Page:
Apple has massively boosted its security to help protect against theft of the valuable devices, some of which are made of 18-carat gold. "It stands to reason that Apple has taken all kinds of other steps to ensure the security of the watches," Computer World notes. "After all, 100 of the cheapest gold models of the Apple Watch would have a collective retail value of $1 million".


Apple Watch price: will anyone pay £13,500 for high-tech timepiece?

10 March

After years of anticipation, Apple finally unveiled its high-tech smartwatch in California last night. The device, which comes billed as "the most advanced timepiece ever", has a battery life of just 18 hours.

It comes in 22 variants, from the smaller Watch Sport, which starts at £299 to the top end 18-carat gold Watch Edition model which costs a hefty £13,500.

The Apple Watch's price varies wildly according to which materials, face size and strap a customer chooses. The 38mm (1.5in) version of the device will be cheaper than the larger 42mm (1.7in) models, which will cost about $50 more than the lower-priced devices. So will anyone want to buy the top-end model?

"It feels a little pricey," Van Baker, an analyst at Gartner, told The Times. "But they will sell a whole bunch. They will sell millions to their fans in the first few months but we will have to see if real demand emerges after that. Whether that will happen depends on whether the apps for Watch are seriously compelling to the average person."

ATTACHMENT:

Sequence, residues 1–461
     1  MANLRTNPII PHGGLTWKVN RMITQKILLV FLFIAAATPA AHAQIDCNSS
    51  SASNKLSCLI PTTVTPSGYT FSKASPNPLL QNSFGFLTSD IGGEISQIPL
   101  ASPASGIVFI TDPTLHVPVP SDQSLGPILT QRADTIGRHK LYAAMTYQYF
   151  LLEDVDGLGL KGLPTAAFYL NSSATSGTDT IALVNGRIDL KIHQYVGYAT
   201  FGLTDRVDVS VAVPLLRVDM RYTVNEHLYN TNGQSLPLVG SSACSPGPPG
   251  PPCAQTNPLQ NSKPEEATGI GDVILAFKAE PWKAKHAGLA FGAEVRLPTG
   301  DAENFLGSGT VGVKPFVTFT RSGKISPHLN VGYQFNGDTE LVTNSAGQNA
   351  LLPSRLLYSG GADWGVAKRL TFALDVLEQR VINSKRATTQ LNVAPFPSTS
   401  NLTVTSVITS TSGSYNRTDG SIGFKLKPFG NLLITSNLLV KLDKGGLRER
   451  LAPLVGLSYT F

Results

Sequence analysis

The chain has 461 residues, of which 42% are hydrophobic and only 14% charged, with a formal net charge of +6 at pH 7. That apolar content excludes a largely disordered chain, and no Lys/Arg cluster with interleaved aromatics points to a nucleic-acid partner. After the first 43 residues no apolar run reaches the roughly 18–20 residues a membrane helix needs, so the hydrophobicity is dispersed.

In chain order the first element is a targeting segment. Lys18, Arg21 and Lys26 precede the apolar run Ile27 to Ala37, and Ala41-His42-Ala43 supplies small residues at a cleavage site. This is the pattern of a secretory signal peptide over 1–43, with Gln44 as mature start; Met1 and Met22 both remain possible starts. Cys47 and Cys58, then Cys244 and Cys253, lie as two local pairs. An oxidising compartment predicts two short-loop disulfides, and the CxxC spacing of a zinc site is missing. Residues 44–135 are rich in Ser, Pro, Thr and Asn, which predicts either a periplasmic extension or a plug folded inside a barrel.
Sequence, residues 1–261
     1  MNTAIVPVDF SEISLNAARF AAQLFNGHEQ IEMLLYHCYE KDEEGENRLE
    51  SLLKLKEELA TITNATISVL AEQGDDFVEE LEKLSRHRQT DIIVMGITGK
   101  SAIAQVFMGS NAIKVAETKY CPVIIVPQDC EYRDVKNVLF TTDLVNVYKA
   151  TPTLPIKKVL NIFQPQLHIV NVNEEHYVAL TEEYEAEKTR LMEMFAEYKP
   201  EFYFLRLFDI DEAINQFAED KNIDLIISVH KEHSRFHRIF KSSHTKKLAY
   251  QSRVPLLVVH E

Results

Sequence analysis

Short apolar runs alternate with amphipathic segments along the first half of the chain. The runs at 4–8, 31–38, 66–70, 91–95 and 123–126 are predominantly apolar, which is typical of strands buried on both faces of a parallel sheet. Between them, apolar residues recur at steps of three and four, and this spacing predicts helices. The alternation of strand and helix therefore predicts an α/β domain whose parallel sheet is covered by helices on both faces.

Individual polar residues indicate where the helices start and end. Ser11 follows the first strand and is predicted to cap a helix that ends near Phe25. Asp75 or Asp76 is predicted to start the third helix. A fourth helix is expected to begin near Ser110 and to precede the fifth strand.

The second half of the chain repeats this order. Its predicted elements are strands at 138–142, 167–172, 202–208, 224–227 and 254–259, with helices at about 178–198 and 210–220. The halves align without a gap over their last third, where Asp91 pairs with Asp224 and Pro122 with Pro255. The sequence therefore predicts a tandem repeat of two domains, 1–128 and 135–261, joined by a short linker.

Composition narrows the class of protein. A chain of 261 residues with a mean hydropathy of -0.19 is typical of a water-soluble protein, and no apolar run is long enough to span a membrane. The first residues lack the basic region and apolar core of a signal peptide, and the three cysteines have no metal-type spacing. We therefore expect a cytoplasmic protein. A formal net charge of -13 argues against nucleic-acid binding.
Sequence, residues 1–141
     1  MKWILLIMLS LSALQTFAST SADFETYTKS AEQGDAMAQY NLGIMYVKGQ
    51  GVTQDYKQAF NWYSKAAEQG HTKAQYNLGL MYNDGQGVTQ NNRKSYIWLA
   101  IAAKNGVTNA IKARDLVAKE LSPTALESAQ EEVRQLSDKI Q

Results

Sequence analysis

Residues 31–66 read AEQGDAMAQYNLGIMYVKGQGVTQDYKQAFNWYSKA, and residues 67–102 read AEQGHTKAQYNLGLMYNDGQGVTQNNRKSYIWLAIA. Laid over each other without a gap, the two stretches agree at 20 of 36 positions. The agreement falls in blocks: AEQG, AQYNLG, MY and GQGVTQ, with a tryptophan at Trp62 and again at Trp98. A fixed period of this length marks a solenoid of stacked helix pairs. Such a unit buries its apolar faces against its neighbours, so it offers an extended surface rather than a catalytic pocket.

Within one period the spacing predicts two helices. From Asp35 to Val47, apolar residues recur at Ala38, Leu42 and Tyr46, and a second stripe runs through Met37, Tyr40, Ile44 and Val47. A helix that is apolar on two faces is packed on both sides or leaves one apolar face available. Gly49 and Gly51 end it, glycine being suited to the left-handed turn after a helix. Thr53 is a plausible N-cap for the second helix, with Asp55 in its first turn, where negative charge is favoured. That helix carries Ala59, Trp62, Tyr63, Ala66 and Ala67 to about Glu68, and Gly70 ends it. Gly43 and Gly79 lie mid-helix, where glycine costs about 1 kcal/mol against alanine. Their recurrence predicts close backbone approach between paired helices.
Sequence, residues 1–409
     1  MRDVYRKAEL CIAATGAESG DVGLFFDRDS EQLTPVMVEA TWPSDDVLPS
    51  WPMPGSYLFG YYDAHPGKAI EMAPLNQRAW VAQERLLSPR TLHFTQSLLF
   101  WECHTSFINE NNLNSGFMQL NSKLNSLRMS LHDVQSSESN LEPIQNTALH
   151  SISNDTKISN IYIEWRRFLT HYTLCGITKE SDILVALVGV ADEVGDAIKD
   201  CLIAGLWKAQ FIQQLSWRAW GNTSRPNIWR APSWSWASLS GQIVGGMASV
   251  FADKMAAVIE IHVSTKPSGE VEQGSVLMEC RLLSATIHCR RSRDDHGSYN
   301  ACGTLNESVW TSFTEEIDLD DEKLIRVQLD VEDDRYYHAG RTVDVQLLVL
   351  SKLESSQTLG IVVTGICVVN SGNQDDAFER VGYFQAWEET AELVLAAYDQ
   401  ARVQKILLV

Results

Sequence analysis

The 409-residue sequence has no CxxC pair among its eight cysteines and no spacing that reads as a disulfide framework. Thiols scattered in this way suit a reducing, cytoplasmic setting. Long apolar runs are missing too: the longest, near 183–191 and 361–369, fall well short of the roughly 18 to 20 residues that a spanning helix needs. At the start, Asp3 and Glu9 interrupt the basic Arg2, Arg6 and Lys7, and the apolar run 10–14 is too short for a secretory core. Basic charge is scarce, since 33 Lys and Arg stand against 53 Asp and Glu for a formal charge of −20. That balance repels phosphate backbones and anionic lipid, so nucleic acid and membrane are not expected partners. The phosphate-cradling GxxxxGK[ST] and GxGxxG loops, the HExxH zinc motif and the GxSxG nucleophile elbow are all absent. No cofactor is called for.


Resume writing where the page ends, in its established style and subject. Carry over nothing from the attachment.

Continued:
A range of apps were launched alongside the new device, including Todoist, an easy to use to-do list app; Shazam, an extension of the music identifying phone app; Uber, the taxi app that now allows you to watch your taxi arrive on your wrist; and new Watch-based offerings from Nike, Instagram, The Guardian and more.

The apps that were shown were good, Van Baker said, but there was no "killer".

The Apple Watch is equipped to monitor your health, and can be used as a phone and tapped at tills to make purchases, but some Apple Watchers suggest that there is no groundbreaking function to help drive sales that cannot be performed by other devices.

Nevertheless the Apple Watch is likely to sell at least 10 million and possibly as many as 20 million units this year, Forbes says. This "reveals anew the company's unsurpassed ability to gain interest for a product that people don't really know what to do with yet".

According to the US market research company Forrester, there is an appetite for a device that is easier to check than a mobile phone. Forrester's research has shown that 40 per cent of adults in the US "prefer not to keep pulling their phones out", and as many as half of mobile interactions involve a quick notification, such as a photo or a news update that requires only a glance.

Still, the move towards tiered pricing represents a new direction for Apple, argues Fusion's Kevin Roose. Up until now Apple devices have offered a uniform level of luxury that was exactly the same for middle-class buyers as it was for celebrities and multimillionaires. The graded pricing for Apple's watches is a "historic change" for the Californian tech company, with some products all but out of reach of the average buyer.

Being an iPhone customer has never been a cheap proposition, Roose notes, but neither were Apple products ever true luxuries. "The iPhone's leveling effect produced an incredibly profound vision of social equivalence". Now, however, "It's possible that the mere presence of $10,000 or $15,000 Apple Watches on the street … will be a psychological disturbance to people who are stuck wearing their $349 Sport editions. It's also possible that, as they say in marketing, these customers will feel 'distanced from the brand' in a way that comes back to bite Apple down the road".